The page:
Sad Lovers & Giants - Feeding The Flame [2009 reissue] review

album cover for Sad Lovers & Giants - Feeding The Flame [2009 reissue] review
Article Date: 05-10-2009
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2009 expanded reissue of this classic '80s release. Not available on CD since 1988 and this reissue includes 4 bonus tracks that were not on the original vinyl. The CD also contains memorabilia and sleeve notes contributions from the original band members.

Sad Lovers & Giants are a post-punk band from Watford, England who formed in 1981. The original lineup produced two studio albums, Epic Garden Music and Feeding the Flame, before splitting in 1983. During this initial period they recorded a John Peel Session for the BBC and a live concert for the Dutch Radio Hilversum station, which was subsequently released as the album Total Sound. Live performances included headline dates at UK colleges and clubs with occasional trips to Europe, although they did support The Sound at the London Marquee venue on the day Epic Garden Music entered the UK independent charts. European interest in the band began to grow, and with the release of second album Feeding the Flame, they toured Germany and Holland, gaining a dedicated fanbase.

Artistically, Feeding the Flame is considered to be their finest work and hints at a potential that could have elevated them to the status of contemporaries such as The Chameleons, Cocteau Twins and Modern English. Tensions within the band caused a complete disintegration, however, with Garel-Funk and Pollard leaving to form The Snake Corps.Not much was heard for a while; their label Midnight Music released a "mopping up" album entitled In the Breeze, which included one of their previously unreleased signature tunes, "Three Lines". The deftly played and arresting post-punk songs are built around Tristan Garel-Funk and David Woods' subtle evocations of mood. Singer Garce Allard's voice is at once brittle-sounding but self-assured. Both factors complement the sophisticated musical structures of songs such as "Imagination" and "Sleep (Is for Everyone)."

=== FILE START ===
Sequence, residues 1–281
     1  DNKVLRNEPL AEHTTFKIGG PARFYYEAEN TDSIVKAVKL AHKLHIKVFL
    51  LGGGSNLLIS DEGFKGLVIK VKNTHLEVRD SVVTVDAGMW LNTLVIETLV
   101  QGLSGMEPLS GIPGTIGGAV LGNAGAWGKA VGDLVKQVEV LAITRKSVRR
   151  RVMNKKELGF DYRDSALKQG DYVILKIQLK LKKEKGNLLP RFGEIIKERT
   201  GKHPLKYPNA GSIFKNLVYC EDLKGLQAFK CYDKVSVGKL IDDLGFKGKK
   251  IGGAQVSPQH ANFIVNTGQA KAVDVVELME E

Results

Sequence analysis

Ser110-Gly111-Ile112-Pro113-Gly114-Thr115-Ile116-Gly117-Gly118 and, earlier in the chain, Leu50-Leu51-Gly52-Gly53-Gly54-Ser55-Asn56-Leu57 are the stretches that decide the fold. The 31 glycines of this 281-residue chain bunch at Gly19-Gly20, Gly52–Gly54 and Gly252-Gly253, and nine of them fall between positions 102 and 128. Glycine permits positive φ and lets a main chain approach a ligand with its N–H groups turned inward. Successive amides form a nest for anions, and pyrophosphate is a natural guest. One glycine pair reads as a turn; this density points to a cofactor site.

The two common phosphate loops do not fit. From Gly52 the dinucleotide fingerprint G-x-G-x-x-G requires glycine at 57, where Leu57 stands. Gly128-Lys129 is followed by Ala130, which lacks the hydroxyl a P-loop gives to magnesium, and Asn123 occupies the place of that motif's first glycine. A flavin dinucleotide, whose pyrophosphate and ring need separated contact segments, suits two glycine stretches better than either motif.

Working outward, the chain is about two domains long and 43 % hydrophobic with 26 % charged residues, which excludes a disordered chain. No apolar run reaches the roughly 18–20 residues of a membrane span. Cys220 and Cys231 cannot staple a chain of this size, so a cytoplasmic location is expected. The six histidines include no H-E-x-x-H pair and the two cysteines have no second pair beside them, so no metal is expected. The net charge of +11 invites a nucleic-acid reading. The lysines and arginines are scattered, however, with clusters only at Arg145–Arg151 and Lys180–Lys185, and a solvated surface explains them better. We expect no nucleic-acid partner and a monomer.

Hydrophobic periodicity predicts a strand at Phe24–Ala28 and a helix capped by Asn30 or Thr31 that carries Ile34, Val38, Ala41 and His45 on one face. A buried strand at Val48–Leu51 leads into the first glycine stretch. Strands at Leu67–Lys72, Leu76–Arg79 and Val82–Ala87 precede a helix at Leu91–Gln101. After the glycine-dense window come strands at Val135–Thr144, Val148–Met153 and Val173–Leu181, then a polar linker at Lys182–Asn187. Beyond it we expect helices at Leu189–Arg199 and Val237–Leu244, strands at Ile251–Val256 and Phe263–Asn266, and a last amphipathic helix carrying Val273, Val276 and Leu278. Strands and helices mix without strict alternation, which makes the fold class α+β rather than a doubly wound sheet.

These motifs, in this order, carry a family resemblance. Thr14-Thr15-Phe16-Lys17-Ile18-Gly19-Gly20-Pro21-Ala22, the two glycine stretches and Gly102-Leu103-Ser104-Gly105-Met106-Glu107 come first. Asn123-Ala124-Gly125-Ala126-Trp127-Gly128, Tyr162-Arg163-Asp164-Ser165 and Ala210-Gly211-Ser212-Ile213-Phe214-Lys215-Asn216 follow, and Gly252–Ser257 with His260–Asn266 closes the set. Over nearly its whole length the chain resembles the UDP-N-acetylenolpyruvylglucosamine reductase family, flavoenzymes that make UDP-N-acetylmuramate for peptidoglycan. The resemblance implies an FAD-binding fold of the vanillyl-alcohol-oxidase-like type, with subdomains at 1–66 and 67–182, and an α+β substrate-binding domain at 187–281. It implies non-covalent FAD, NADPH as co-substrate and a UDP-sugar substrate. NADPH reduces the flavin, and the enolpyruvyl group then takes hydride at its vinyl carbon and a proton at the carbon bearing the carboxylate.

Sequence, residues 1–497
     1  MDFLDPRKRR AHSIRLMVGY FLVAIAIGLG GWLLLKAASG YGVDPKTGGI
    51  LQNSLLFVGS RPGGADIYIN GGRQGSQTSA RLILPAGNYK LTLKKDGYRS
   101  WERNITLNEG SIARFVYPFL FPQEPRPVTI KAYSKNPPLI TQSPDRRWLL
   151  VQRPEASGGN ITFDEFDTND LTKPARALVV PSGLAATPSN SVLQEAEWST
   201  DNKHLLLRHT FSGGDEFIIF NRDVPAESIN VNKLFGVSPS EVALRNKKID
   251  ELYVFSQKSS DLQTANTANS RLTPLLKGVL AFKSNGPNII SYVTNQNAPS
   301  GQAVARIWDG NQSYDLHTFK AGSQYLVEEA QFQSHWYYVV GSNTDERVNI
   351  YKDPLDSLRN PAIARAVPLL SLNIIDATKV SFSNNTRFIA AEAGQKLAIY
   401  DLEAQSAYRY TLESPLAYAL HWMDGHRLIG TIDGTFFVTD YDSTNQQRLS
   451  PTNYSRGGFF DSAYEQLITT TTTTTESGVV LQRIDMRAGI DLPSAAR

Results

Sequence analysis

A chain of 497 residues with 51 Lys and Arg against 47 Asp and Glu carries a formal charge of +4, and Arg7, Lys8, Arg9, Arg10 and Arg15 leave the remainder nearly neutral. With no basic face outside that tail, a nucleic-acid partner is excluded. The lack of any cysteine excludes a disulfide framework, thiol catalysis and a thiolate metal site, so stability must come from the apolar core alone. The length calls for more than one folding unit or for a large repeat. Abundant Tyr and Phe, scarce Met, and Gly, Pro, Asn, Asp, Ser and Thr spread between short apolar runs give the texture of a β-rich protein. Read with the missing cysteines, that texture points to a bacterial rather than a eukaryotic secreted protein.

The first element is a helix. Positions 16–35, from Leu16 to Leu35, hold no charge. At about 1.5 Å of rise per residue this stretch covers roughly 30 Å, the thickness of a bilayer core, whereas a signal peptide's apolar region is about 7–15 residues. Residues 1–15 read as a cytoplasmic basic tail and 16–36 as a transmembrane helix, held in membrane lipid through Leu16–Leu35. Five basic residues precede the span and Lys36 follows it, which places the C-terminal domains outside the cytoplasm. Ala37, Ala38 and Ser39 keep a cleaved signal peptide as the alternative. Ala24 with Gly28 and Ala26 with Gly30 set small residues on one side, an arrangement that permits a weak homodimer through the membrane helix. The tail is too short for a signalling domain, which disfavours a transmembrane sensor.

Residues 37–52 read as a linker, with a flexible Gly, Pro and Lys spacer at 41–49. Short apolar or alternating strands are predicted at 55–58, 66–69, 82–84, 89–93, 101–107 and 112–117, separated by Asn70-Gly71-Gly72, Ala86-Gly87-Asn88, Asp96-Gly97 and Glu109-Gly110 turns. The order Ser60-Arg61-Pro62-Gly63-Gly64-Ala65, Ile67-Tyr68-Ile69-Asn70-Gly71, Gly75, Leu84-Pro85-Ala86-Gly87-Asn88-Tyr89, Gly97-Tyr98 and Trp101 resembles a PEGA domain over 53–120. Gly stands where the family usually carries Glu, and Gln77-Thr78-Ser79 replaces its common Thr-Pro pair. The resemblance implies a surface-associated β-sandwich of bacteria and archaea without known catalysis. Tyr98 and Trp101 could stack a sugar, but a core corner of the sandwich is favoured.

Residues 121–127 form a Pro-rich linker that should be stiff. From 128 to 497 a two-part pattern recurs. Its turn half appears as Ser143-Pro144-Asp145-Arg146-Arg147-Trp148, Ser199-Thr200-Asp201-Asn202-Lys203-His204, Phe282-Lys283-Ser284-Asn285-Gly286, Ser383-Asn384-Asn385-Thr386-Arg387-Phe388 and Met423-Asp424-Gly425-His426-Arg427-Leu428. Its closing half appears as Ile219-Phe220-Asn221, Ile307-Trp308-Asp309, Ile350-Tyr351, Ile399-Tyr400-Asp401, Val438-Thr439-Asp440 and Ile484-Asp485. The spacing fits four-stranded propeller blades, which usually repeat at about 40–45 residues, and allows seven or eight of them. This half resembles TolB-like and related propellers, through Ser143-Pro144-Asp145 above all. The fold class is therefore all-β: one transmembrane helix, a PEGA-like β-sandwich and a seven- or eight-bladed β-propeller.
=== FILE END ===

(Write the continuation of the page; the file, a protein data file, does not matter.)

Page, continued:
They should be one of their generation's more celebrated discoveries, but sat out time on a label much less fashionable than, say, Factory. The intricacy of Garel-Funk's guitar on "Big Tracks Little Tracks" certainly puts them on a par with the Durutti Column. "Your Skin and Mine" has an innate grandeur that, keeping indulgence at arm's length, conveys a sense of pain and isolation that echoes Joy Division. It's an album that argues for a reappraisal of one of the '80s' best-kept secrets.

Article Copyright: Red Sun Records

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